A couple of entries below, there was a discussion of abortion and film, centering around the movie Bella, which I haven’t yet seen. I finally got around to seeing Knocked Up this weekend, which isn’t an abortion movie, as much as it is a baby movie –as in “why not have a baby, if you’re already pregnant” movie.
For those of you who haven’t seen it, the plot is this: a beautiful career girl gets a promotion at E entertainment television, goes out clubbing with her sister to celebrate, ends up having a one night stand with a scruffy, puffy, stoner slacker dude, gets pregnant, decides to keep the baby (actually, barely considers the other options). He slowly looks up from his bong and decides to do the right thing. Hilarity, especially of the gross and scatological sort, abounds. The baby is born. Everyone is happy. The end.
There has been some discussion on the blogosphere of whether Knocked Up was a prolife movie or not. In one sense, it clearly was–the unborn life is presented as a baby. At the same time, the broader values aren’t those that one normally associates with prolife and pro-family activists. Kathryn Jean Lopez’s review of the movie nicely captures the problems from this point of view, I think.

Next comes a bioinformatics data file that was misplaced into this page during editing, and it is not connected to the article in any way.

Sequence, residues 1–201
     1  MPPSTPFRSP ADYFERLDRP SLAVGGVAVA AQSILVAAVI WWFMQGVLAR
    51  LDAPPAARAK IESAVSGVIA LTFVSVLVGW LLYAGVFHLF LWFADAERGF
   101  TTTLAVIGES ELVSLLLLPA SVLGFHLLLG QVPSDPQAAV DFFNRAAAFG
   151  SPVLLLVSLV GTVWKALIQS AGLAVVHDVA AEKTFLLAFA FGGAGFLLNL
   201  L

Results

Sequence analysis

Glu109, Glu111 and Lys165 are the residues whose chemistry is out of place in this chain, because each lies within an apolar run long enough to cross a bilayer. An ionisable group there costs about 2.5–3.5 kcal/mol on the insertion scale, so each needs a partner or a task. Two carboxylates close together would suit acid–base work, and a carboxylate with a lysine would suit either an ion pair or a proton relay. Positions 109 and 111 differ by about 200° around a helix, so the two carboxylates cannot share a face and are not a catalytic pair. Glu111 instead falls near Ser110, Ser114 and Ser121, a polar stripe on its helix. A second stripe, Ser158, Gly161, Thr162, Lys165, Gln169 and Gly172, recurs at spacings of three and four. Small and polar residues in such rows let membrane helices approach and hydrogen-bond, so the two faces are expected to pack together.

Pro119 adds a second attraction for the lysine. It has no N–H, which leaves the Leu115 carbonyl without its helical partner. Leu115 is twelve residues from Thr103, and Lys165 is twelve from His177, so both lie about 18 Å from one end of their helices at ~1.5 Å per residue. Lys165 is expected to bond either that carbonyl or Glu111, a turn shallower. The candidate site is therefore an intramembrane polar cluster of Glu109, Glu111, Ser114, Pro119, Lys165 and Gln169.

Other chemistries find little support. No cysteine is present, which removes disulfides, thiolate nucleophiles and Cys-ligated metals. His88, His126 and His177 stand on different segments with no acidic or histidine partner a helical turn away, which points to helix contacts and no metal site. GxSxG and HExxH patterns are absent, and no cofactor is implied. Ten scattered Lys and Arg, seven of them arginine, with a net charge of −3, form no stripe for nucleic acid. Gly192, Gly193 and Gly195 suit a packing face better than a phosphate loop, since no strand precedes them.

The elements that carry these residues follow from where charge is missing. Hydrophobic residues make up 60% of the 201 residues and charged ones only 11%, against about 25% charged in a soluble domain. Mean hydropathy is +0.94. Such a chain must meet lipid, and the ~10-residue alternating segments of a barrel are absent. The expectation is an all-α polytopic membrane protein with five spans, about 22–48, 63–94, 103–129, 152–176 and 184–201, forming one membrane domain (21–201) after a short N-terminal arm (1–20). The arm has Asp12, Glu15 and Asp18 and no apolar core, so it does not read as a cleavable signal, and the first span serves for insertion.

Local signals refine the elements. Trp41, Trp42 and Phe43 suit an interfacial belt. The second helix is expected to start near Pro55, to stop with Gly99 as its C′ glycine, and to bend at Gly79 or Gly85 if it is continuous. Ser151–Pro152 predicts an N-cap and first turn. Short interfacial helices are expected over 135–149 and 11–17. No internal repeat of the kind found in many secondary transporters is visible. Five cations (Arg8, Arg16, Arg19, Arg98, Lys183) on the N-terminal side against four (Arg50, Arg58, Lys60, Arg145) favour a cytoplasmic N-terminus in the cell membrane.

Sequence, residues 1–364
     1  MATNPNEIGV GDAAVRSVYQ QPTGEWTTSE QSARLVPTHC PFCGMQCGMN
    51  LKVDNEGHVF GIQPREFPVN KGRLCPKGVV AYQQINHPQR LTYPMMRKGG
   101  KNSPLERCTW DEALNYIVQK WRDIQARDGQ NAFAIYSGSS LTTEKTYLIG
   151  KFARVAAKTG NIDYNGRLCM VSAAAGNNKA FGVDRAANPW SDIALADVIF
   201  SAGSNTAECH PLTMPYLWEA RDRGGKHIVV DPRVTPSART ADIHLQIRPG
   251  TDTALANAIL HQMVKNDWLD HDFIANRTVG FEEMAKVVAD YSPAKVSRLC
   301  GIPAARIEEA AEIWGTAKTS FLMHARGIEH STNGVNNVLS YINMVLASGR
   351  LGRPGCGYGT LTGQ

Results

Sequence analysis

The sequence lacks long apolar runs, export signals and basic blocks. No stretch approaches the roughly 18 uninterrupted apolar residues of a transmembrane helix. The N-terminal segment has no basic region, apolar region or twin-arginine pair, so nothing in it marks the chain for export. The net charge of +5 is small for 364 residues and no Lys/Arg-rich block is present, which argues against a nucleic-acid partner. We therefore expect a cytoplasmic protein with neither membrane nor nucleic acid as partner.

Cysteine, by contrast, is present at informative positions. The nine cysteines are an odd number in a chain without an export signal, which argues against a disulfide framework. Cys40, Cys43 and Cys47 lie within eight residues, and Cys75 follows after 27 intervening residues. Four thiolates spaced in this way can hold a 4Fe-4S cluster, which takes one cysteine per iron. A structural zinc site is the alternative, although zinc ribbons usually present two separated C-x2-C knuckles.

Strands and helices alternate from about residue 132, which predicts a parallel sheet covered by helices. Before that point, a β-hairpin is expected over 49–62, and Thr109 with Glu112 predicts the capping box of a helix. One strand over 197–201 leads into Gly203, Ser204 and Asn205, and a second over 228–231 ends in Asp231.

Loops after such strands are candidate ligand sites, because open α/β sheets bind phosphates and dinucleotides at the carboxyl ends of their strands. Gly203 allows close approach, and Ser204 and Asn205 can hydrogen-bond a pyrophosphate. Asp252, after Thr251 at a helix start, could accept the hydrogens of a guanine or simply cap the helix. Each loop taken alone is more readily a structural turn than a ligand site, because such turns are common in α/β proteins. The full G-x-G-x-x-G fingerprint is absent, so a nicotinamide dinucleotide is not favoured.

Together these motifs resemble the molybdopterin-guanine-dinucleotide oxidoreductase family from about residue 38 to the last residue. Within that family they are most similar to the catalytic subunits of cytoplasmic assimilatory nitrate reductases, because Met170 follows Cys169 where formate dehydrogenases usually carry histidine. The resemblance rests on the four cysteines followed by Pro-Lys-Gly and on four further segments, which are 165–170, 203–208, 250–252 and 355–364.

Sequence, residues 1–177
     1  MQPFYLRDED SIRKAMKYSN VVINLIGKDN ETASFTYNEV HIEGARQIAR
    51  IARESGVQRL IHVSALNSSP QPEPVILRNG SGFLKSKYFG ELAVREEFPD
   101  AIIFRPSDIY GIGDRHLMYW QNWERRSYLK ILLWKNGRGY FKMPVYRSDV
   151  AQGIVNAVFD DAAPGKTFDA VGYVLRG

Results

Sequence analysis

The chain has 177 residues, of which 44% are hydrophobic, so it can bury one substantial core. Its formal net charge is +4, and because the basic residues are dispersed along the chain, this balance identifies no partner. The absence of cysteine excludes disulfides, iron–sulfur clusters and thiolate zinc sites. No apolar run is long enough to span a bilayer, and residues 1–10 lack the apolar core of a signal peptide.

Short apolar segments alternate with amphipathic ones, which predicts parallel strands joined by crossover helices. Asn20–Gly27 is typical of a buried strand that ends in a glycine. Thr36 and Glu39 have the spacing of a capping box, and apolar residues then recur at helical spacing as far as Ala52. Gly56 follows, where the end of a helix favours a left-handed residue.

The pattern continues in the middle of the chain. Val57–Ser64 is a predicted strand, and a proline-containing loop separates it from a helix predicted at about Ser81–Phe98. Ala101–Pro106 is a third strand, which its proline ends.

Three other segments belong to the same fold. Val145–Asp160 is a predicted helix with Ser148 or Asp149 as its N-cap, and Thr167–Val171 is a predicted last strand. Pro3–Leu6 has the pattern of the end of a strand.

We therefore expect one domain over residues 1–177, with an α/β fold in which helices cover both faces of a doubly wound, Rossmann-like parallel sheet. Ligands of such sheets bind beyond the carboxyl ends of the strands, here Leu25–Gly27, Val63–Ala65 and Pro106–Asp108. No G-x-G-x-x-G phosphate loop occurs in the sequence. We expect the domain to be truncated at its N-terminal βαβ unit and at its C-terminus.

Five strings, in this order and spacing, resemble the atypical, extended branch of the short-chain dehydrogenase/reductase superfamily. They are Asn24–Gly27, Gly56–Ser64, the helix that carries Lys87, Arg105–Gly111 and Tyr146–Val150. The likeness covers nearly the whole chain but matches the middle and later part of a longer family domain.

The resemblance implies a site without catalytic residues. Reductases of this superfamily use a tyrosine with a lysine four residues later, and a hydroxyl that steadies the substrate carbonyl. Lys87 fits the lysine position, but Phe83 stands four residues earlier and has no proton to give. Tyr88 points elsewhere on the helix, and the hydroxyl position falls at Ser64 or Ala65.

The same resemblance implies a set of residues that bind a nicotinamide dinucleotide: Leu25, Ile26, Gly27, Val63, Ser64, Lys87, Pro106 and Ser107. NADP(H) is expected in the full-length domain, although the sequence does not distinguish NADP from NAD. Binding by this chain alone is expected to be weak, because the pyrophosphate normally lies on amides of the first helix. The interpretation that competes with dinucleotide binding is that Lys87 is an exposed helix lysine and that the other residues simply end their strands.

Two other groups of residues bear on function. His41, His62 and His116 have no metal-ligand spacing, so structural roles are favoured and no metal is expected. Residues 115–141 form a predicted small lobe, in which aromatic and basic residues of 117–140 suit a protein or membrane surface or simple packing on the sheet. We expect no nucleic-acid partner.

Here is what I think the tension is: the movie reveals that traditional pro-life activists and pro-choice activists actually have more in common than they realize. More specifically, both have pretty clear ideas about how one should plan one’s life. There is a set order for each, although not the same order. And the key thing is to follow the plan.
What this movie does is call into question the notion of a planned life. Babies can and should be taken care of; they’re wonderful surprises. The key is to live with a certain ironic distance from the plan. The slacker’s values-a lack of ambition, an easy-going flexibility–actually helped him accommodate the unexpected turns his life took because of an unplanned pregnancy. It’s hard not to imagine that the ambitious guy–23 years old, first year in a top law school, on his way to law review, and a clerkship, and a respectable job–would have had been less willing to change plans to take care of the baby.